Cosmo DiNardo walked out of his family’s barn in Solebury Township on a humid July evening with a gun in his hand. He walked up to his cousin Sean Kratz, slung an arm over his shoulder, and asked him a haunting question.
“What’s the matter?” he asked. “You’ve never seen a dead body before?”
That was the account Kratz gave to detectives in a recorded interview in April 2018. The recording was publicly revealed Friday when it was played at Kratz’s murder trial in the July 2017 deaths of three Bucks County men.
His recorded comments marked the first time jurors got a clear and unambiguous account of what he said happened. Kratz’s previous statements to detectives were constantly changing under pressure.
But on the recording, the 22-year-old admitted for the first time that he shot Dean Finocchiaro , 22, in the head as he had his back to him. The killing was part of a plot, masterminded by DiNardo, to rob Finocchiaro; Thomas Meo, 21; and Mark Sturgis, 19, under the guise of a marijuana transaction.
Kratz admitted on the recording that there was no marijuana; DiNardo, 22, had created the false impression that he was a middleman in a distribution chain, receiving mass quantities of the drug from a supplier named Carlos.
Kratz’s attorney, A. Charles Peruto Jr., has maintained that his client acted under duress, forced by DiNardo to participate in the shootings. DiNardo confessed and is serving four consecutive life sentences for the three victims he killed with Kratz and Jimi Patrick, a 19-year-old he shot to death earlier.
The confession came when Kratz was represented by another attorney, Craig Penglase, and was preparing to plead guilty to third-degree murder. Kratz unexpectedly refused that plea last year and Penglase leaked the video to television reporters.
Penglase was removed from the case and Kratz opted for a jury trial in Doylestown.
Initially, there was an indication that DiNardo would testify in his cousin’s trial. But prosecutors revealed Friday that DiNardo rejected their subpoena and refused to get on the bus meant to transport him to Doylestown from State Correctional Institution Retreat. It was unclear how prosecutors planned to respond to DiNardo’s refusal.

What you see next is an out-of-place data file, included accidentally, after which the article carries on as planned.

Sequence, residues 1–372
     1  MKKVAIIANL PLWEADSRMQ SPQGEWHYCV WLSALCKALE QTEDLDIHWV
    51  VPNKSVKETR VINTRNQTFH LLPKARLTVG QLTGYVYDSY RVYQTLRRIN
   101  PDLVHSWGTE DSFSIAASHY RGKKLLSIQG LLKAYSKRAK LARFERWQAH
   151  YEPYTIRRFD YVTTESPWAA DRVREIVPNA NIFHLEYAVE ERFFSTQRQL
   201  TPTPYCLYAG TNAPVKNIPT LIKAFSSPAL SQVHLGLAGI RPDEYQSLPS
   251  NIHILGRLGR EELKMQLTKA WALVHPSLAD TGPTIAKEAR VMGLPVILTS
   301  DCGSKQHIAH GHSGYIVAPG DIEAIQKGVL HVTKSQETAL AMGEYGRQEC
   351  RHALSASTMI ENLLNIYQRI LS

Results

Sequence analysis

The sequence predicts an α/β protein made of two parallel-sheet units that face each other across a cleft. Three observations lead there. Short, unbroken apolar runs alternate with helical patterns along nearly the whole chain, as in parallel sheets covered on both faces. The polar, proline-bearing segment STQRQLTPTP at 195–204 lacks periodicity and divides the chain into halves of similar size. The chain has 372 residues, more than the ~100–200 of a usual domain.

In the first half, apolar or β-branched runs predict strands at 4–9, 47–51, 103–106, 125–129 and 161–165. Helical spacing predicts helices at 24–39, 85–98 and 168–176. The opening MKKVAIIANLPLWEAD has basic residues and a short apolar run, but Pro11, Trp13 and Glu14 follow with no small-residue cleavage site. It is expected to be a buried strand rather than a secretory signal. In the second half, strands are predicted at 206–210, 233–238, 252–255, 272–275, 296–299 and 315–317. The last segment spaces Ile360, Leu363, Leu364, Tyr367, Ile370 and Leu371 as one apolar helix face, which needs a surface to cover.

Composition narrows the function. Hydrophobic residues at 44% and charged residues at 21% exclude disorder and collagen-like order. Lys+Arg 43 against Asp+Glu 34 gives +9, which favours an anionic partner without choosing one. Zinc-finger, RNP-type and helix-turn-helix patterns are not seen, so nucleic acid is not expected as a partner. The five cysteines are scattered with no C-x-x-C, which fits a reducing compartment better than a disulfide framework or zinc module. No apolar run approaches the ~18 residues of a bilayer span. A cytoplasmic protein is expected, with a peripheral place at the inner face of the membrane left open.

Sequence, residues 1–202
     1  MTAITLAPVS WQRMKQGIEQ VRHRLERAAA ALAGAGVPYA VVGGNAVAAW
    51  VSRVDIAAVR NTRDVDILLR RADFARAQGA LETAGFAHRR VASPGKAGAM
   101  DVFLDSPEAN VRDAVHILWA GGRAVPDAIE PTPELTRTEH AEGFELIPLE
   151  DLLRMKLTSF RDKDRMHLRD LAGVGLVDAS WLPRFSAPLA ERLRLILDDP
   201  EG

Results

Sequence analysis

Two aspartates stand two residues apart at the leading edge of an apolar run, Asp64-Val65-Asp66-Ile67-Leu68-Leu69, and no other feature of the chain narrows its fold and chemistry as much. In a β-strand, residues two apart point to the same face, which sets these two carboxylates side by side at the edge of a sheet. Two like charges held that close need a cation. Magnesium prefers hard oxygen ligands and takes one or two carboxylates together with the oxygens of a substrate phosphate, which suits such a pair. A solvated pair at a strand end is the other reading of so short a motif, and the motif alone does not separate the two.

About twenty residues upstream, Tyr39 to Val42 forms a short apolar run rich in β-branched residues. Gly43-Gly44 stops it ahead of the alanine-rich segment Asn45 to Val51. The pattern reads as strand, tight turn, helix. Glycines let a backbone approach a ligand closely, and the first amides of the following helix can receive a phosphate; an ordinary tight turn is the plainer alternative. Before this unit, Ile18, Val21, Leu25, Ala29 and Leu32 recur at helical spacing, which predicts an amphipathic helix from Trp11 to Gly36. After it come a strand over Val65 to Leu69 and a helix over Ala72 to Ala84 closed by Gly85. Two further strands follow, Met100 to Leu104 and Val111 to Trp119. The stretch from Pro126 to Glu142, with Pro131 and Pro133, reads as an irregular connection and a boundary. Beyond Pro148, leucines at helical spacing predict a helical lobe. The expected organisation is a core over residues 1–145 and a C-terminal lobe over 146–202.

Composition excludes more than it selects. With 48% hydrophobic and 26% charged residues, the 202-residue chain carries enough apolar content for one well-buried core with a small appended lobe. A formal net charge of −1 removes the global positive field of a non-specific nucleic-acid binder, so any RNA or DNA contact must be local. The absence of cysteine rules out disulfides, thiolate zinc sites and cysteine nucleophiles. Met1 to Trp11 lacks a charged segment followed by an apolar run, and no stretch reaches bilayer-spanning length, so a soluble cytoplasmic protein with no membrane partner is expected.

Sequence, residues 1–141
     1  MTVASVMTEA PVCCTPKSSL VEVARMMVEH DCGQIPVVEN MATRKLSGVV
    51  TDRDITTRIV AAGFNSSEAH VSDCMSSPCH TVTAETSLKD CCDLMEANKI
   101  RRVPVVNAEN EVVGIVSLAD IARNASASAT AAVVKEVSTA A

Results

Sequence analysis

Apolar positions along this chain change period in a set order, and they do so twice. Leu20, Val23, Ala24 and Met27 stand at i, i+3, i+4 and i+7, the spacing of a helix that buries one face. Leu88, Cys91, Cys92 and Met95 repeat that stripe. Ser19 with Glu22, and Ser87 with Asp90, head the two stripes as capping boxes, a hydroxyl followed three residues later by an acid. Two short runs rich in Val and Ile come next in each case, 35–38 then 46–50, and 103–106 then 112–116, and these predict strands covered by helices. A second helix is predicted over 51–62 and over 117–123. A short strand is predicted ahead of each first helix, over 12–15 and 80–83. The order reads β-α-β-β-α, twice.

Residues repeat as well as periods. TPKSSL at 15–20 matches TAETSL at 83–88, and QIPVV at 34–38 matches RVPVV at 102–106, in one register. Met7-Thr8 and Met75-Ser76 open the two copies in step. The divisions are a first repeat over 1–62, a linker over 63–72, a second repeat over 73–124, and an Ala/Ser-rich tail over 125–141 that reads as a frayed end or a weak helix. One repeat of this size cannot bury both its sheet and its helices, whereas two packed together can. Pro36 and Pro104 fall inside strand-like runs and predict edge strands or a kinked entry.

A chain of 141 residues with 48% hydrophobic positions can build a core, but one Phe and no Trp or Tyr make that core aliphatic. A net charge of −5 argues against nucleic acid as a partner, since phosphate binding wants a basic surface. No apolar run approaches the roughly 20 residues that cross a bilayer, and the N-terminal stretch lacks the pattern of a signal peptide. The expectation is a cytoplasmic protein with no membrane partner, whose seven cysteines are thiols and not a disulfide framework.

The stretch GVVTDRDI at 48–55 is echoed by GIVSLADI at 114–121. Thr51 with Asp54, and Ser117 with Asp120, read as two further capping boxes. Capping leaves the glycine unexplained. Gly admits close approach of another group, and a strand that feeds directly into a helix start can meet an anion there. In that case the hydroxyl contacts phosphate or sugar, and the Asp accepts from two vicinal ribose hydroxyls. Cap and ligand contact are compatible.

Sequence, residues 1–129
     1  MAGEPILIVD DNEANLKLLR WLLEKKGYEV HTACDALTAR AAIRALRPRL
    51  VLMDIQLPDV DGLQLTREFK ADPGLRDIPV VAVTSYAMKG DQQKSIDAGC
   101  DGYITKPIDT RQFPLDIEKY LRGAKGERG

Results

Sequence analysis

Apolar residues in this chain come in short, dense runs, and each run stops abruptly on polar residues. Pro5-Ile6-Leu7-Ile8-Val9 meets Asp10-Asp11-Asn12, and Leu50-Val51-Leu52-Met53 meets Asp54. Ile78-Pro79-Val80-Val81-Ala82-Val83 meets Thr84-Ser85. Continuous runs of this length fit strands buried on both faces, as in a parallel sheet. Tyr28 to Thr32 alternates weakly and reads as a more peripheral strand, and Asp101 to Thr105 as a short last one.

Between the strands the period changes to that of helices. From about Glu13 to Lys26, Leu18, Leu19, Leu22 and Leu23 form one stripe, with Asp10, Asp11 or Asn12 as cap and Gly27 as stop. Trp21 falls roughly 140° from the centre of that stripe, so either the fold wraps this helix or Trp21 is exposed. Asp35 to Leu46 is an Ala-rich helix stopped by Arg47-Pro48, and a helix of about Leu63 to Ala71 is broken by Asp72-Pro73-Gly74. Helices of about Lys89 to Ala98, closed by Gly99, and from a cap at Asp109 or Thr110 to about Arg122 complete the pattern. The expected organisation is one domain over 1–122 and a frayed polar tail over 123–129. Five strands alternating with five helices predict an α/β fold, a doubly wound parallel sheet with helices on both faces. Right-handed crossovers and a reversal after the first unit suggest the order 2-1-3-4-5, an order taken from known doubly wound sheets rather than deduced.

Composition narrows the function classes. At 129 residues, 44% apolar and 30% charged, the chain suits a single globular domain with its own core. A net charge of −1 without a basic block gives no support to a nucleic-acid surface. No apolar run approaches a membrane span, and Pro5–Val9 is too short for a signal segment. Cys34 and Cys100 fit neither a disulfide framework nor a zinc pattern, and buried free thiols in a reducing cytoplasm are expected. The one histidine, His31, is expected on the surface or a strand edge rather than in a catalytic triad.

In the statement played Friday, Kratz said he was supposed to take Finocchiaro into the woods on an ATV, pretending the two were going on a quick ride before the drug transaction. DiNardo supplied Kratz with the gun, a .357 magnum revolver.
In the woods, Kratz said, he lost his nerve.
“He wanted me to rob him in the woods and shoot him, but I couldn’t do it,” Kratz said.
Instead, the two returned to the farm’s barn, where DiNardo grew angry and aggressive, according to Kratz. When Finocchiaro turned his back, DiNardo goaded his cousin into shooting him, cocking his index finger like a gun.
Kratz aimed the revolver, closed his eyes, and fired. Finocchiaro collapsed, shot in the head. DiNardo grabbed the gun from Kratz and fired a second shot into him as he lay on the ground.
DiNardo chastised his cousin for reacting nervously to the murder, calling him by an obscenity for not helping him dispose of Finocchiaro’s body.
He took $700 and a cell phone before loading Finocchiaro’s body into a converted pig roaster, according to prosecutors. DiNardo then left Kratz on the property to pick up Meo and Sturgis, there for similar transactions. Meo planned to pay $2,000 for two pounds of marijuana, according to Kratz.
Instead, DiNardo shot the two from behind minutes after they stepped out of DiNardo’s truck. Meo survived the bullet but was paralyzed from a gunshot wound to his back. DiNardo then crushed him with a backhoe after trying to shoot him with a .22 caliber rifle, according to Kratz.
After the carnage, DiNardo buried the three bodies in a makeshift grave along with the pig roaster, authorities said.
Then he and Kratz went for cheesesteaks at Steve’s Prince of Steaks in Northeast Philadelphia.
Days later, when Kratz was interviewed by county detectives for the first time, he lied.
He later began to tell the truth — but only about the location of the murder weapon — and only after his mother, Vanessa Amodei, came into the interrogation room.
She told her son to ignore his instincts of protecting his family and provide information that might incriminate DiNardo.
“There are four boys who are gone. ... There’s nothing anyone can do to bring them back,” she said, as recorded in a separate video played in court earlier. “They have sick families right now. They deserve to know all of what happened.”
But a full accounting of that day in Solebury Township wouldn’t be revealed until nearly a year later.